LDT Seminar – Week 5 – Milestones Assignemnt

Here’s what I have so far in the definition of my Master’s Project – work-in-progress.

Learning Experience Designer (LXD)
Lucas Longo
v.0, Jan 14, 2016


The trend towards blended learning environments is irreversible and an increasing number of higher educational institutions are going in that direction. It is a labor intensive task for professors who must transition from a traditional classroom or lecture hall model to an online environment. Aside from the learning curve into any LMS, new content must be created and organized: pdfs, images, videos, links, animations to list a few. The challenge is to make it easier for professors who for the most part do not have formal pedagogical training or multimedia content creation skills, to publish their courses adopting the research based best-practices.

Learning Experience Designer (LXD) is a curriculum construction tool that adapts to your teaching context and learner needs. It also provides all the multimedia creation tools you might need to record and edit video, annotate images and pdf, or create animations. It utilizes artificial intelligence to suggest course formats, pedagogical strategies, activities, and challenges providing references to works others have already created and tested. The final result is a published course which can be accessed via your browser or a mobile app where students can engage in forums and peer-to-peer coaching.

As a proof-of-concept, I propose to utilize as a base, an existing LMS (Canvas, Coursera, or Edx) and add onto its interface the proposed functions, content, and interactions. These new features will then be presented and evaluated by teachers who have experience with the LMS. The goals are to judge if such features improve the experience of creating the course and if the resulting course positively affects the learning outcomes. I intend to focus an introductory programming course, a subject matter I am familiar with, where the learning outcomes are more easily assessed, and because of the vast amount of content already available online to support the course.




How might we scaffold “experts” to create engaging hybrid courses?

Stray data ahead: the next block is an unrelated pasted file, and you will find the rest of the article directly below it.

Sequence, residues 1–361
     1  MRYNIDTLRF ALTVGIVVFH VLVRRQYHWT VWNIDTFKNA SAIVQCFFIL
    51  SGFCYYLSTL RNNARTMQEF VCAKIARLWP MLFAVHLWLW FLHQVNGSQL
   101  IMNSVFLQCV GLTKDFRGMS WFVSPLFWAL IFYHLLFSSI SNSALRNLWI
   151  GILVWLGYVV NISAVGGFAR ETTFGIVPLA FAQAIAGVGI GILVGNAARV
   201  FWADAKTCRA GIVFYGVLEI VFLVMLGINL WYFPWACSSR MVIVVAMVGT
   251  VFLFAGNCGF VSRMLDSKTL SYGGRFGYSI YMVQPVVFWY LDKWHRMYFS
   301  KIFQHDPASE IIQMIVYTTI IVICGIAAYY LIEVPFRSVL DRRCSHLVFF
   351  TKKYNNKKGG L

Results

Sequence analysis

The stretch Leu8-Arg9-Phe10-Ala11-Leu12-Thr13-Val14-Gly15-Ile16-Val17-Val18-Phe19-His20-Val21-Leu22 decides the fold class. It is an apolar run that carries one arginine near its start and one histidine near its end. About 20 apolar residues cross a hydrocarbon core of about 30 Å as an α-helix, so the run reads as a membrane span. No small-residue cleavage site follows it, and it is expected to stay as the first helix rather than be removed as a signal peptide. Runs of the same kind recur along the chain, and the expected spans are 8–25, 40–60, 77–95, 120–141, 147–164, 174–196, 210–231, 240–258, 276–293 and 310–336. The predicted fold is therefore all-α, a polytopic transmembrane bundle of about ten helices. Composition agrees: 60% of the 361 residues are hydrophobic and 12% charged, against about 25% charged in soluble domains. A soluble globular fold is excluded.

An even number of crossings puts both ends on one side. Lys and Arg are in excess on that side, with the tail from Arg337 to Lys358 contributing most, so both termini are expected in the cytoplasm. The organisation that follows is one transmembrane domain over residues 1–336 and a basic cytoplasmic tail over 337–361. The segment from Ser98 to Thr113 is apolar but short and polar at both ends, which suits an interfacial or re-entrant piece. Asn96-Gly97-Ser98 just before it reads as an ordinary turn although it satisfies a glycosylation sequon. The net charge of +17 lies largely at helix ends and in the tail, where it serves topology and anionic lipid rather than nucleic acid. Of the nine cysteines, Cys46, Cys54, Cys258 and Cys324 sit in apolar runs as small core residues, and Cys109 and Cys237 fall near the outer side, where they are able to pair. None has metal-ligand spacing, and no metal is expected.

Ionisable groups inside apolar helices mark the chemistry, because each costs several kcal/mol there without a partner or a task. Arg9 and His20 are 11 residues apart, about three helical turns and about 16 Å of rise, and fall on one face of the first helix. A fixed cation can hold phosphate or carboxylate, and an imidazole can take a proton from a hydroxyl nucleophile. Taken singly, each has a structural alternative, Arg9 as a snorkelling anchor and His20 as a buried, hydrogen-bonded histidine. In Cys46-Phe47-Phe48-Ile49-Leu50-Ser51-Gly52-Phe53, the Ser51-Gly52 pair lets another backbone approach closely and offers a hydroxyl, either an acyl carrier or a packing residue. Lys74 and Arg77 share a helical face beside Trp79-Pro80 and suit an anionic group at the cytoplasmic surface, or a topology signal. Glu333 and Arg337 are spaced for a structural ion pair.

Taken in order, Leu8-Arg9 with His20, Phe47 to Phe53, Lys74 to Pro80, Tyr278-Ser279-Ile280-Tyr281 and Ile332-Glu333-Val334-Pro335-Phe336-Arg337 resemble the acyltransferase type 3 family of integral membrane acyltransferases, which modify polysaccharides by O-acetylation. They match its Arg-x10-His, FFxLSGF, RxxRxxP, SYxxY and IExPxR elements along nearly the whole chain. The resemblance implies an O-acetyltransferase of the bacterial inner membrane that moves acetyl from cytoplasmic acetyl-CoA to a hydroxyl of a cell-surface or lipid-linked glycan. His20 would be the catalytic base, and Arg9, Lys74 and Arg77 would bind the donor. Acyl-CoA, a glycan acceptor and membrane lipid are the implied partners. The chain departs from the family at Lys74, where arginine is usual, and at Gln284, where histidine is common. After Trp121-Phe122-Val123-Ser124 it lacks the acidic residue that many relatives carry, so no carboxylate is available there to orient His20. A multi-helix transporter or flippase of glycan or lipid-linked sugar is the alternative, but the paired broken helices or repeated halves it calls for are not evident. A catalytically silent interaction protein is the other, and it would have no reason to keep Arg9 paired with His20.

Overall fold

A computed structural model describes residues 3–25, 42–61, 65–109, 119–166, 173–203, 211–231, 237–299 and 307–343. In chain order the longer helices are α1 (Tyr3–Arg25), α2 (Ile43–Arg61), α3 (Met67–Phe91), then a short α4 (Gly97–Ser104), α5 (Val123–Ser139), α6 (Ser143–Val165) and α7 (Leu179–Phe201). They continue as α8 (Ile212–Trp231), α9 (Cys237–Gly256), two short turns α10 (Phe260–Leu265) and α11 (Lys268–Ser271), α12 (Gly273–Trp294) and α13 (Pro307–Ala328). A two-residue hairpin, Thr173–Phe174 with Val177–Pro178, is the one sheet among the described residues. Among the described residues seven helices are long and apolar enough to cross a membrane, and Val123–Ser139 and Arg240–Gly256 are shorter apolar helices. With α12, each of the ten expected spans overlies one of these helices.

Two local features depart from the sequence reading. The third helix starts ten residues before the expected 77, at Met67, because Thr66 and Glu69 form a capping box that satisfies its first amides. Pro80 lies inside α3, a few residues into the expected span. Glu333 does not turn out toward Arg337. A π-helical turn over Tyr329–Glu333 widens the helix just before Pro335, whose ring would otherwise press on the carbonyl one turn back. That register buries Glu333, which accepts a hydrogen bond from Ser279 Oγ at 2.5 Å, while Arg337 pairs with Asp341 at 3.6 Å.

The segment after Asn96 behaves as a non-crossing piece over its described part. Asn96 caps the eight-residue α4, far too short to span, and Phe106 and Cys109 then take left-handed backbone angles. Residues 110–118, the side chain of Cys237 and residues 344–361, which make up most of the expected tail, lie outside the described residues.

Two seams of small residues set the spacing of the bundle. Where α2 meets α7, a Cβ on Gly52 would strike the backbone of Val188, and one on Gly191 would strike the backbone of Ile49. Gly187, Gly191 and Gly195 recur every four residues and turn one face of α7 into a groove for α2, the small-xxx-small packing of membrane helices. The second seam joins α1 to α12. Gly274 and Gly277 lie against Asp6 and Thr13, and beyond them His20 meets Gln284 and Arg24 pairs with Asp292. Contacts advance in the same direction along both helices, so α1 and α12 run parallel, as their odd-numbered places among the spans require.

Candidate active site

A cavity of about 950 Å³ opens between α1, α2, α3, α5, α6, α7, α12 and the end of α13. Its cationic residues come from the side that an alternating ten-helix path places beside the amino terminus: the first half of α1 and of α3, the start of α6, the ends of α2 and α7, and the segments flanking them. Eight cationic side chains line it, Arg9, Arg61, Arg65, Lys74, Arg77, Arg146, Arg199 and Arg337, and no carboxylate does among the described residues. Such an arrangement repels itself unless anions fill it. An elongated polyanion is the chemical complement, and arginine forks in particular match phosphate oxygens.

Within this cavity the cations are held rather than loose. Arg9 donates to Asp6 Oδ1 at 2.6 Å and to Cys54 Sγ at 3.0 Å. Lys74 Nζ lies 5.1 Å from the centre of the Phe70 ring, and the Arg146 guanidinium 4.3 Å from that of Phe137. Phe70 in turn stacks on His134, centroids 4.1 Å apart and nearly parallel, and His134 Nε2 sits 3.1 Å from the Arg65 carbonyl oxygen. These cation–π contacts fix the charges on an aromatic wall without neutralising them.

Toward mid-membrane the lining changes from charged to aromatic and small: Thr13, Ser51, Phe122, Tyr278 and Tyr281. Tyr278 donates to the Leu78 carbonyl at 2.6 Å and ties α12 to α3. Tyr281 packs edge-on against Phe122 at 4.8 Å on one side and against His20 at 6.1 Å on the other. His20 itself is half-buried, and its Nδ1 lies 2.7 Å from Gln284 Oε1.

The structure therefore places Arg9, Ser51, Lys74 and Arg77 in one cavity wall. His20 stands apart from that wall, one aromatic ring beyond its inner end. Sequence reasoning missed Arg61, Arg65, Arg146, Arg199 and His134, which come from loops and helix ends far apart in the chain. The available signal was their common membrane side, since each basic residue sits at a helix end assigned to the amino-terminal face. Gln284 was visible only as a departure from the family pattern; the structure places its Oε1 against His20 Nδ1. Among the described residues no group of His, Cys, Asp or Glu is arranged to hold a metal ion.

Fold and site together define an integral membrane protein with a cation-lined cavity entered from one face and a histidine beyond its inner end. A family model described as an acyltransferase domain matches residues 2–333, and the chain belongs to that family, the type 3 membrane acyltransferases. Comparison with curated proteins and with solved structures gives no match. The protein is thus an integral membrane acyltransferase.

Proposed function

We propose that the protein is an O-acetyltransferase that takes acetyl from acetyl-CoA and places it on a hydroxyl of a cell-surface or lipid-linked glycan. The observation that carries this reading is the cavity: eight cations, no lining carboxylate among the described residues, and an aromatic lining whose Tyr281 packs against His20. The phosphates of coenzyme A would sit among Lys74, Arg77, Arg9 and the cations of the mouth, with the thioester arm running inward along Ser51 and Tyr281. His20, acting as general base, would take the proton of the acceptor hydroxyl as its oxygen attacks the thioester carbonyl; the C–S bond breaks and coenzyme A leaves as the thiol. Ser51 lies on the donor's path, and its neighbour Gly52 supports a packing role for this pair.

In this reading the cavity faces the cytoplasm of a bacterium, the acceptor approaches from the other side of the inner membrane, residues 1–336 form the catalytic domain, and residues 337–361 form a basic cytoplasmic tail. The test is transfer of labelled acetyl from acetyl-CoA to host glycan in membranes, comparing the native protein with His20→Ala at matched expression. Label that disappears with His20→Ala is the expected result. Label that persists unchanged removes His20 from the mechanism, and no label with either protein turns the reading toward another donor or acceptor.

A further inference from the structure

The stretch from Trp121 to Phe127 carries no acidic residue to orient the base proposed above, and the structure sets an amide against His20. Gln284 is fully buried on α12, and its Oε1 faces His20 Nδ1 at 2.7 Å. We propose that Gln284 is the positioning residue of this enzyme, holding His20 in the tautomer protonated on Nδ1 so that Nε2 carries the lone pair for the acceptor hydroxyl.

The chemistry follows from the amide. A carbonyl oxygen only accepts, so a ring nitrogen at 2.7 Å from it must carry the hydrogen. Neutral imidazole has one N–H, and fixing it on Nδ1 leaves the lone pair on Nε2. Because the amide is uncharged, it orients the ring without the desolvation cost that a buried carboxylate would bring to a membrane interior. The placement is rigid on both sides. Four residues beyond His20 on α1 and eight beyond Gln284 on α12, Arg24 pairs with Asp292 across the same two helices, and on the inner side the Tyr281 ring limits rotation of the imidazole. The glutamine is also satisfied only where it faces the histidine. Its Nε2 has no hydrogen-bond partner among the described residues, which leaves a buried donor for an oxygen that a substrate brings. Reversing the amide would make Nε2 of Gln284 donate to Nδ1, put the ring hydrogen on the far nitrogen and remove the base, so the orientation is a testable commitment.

In 2009 I started a mobile app development school in Brazil targeting developers and designers who needed to acquire these new hot new skills. For the first year or so I taught the iPhone app development course while looking for more teachers to meet the large demand and to create new courses. Pedagogically, I going on instincts, using a very hands-on approach: explain the concept, model it, and do it yourself. It worked and it was straight forward enough to explain to the new teachers.

The challenge came when I started hiring teachers for new courses. The curriculum had to be constructed and the course content created. This task proved to be daunting for the developers who never taught before. Even with my course material as a reference or model, teachers were slow to produce the material, and it was usually of poor quality: slides with too many details or lacking explanations of key concepts.

Once I decided I wanted to start selling the courses online, the challenge became too big. Where do I start? How much video versus written material should I use? How will students ask questions? How will we manage all these students? What are the best practices? All questions that could be resolved by a well designed software that would scaffold the process of creating the curriculum and course content.



LDX will make the user more proficient in the art of sharing their knowledge, stimulating them to repeat the process and create new and better courses. Users will benefit from theory grounded strategies that promote effective learning in online environments. The Virtual Student will lead the process by posing provocative questions and requesting content, assessment, and reflection activities to be inserted into the course progression. The backwards design methodology will be utilized along with the best practices of teaching online.

The main learning outcome will be that online teaching requires a different set of approaches, content, media, interactive experiences, and assessment methods to be effective. The Virtual Student will serve as an instructor and coach for the user during the process – different than a standalone course on ‘how to teach online’. Teaching and learning will occur during the process of creating a course.

To demonstrate the effectiveness of LDX I propose to survey the users pre- and post-utilization of the tool with questions that will inform me of the following characteristics of the user:


  • Digital literacy level
  • Previous knowledge/experience with pedagogy
  • Previous knowledge/experience with online teaching
  • Perception of online course effectiveness
  • Personal beliefs on the challenges of creating an online course
  • Confidence level for creating an online course


  • New pedagogical content acquired
  • New online teaching content acquired